Fun Home Activities to Improve your Child’s Vision

activities to improve child vision

Dr. Parimala V Thirumalesh, Sr. Consultant - Neonatology & Paediatrics, Aster CMI, Bangalore, Karnataka, India

COVID pandemic has changed the life of children the most. When a child's development needs outdoor experience & activities, more than two years in succession, they are confined indoors within four walls. On top of it, they are strapped to the computer or mobile screens for their education.

Ideally, children are advised to avoid screen time during infancy and later during childhood to restrict it to less than an hour. On the contrary, the current situation demands them to stay in front of the screen for their entire school hours. It causes severe eye strain due to light emitted by the screen and body muscle strain, and weakness due to bad posture and sedentary lifestyle. Since this situation will take time to get normal, a constant question in every parent's mind is how to protect their child's eyes from this continuous strain. Additionally, how to compensate for the lack of physical activity!

Like how we can make the children stay active indoors by playing games involving physical activities like jumping, skipping, running, and cycling, there are eye exercises for kids that can be done at home.

Before starting the exercises, it is important to know that vision is about being able to see an object or letter. It has multiple components. For example, eyes only see, but the brain analyses, and then both the eye muscles coordinate together to complete the process of vision. So, the inability to see can be a problem in the eyes or the brain!

To understand the importance of different vision components, we need to see few examples where they are in full action.

Different types of vision components

Fixation: Babies have visual fixation only after one to two months. Only if you can fix an object can you appreciate the features like observing a painting or mother's face in the case of an infant. To improve this ability, you can hang an object above the baby's cradle. You can ask to look onto a bright-colored toy for a minute and see if the eyes wander away while trying to do that for older children.

Following or pursuit: This skill is important to see a moving object or person. A toy that moves from one place to other is enough to stimulate this skill in a baby but for older children, solving puzzles, mazes, or even reading and writing according to their age helps improve tracking.

Saccade: This can move fast between two objects, like moving from one letter to another while reading or writing! Small children can develop this skill by playing jack in the box where the toy appears in different places needing the baby to push it back in. Alphabet, cartoon balls, or balloons where some alphabets are drawn on the colored balls or balloons can be used to play a game of throw and tell whereby the balls or balloons are shown to the child before being thrown away, followed by asking the child to tell what they saw before it was thrown. Older children can read a book or write some sentences.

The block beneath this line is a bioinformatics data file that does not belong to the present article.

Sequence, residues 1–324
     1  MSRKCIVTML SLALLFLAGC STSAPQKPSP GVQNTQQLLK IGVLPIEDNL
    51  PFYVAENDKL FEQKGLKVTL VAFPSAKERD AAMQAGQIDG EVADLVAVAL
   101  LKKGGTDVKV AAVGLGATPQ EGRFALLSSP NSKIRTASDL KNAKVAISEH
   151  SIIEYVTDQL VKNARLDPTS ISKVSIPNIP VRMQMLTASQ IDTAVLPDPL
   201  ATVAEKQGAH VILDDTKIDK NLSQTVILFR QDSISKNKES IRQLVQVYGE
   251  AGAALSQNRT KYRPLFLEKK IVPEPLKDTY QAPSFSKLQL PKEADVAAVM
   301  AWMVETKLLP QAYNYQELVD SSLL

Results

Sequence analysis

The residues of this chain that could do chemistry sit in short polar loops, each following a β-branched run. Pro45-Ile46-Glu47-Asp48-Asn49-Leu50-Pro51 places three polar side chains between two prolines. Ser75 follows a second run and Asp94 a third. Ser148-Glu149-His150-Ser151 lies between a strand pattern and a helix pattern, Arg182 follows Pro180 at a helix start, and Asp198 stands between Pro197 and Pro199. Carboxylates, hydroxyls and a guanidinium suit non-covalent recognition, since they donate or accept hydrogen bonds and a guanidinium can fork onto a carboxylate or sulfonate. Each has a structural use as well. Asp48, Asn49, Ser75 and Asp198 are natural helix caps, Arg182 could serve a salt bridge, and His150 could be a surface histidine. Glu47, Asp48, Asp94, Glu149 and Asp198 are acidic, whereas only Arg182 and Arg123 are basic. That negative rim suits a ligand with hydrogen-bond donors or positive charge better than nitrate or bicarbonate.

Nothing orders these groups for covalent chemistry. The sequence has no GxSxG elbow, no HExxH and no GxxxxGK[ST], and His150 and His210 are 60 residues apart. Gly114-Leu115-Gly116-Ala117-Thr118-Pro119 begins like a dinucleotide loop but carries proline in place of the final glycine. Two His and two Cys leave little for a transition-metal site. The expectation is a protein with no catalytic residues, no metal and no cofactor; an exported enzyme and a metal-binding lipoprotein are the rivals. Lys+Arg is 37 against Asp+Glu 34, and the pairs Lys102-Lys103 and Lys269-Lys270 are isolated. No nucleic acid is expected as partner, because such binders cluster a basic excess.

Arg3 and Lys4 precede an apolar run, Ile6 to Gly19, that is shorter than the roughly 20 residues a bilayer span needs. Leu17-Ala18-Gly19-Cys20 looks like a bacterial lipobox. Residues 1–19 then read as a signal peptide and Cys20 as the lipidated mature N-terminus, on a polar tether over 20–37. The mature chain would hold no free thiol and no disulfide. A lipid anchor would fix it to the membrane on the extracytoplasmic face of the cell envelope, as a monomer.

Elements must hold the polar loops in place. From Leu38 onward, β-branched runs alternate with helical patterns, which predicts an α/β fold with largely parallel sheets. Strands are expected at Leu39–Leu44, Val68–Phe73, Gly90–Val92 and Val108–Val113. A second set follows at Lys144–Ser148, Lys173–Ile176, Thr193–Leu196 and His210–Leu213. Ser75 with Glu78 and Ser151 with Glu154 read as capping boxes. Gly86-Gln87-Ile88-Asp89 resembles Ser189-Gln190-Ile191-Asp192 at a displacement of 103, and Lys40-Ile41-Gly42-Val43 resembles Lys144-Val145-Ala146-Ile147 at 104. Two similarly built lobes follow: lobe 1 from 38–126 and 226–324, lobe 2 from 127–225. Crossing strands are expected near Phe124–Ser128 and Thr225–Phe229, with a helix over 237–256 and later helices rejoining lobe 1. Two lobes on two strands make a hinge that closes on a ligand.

Accommodation: This skill is important to shift our focus from a distant object to near and back without a struggle. For example, a child looking at the blackboard (real or virtual) and copying that into his/ her notebook near to her need accommodation skill. The activity that can improve this skill is the nose thumb, where the child can be asked to hold his thumb 10 inches away from him and look at it and then look at his/ her nose. A toy can be used for a younger child. Also, a pencil can be used where the pencil can be moved closer to the child's eyes and away, asking the child to focus on the movement.

Binocular vision: We do not realize that we have two eyes. The images from both eyes are different because our brain merges both the images into one, thus giving a three-dimensional and depth perception. 

Sometimes in a condition called lazy eye or amblyopia, one eye is weak. Hence, the brain suppresses the image coming from that eye, thus concentrating only on the images received from the better eye. The doctor will advise an eye patch whereby the strong eye is covered with a patch to prevent this. All the activities are done with the weaker eye, thus improving the vision in that eye.

The coordination of movement between both eyes plays an important part in the development of binocular vision. The coordination can be strengthened by the figure of eight exercises using a pen or a thin toy where an imaginary figure of eight is drawn in front of the child's eyes. He/she is asked to follow the drawing, where all eye muscles have to move together, thus making them strong and coordinated.

Tips to improve child's vision while using devices

  • The mobile should be placed one foot away, laptops two feet away, and TV screen ten feet away from eyes.
  • Use a well-lit room but not with bright lights glaring on the eyes. Lighting should be from behind the child. Use the 20-20-20 rule, which means that every 20 minutes of screen time, take 20 seconds off to look at an object 20 feet away before resuming the screen work.
  • While working on the screen, Blink avoids dry eyes and fatigue as tears carry oxygen to the eyes and need blinking to circulate.


Help your children get stronger eyes and greater vision by following these simple, fun tips!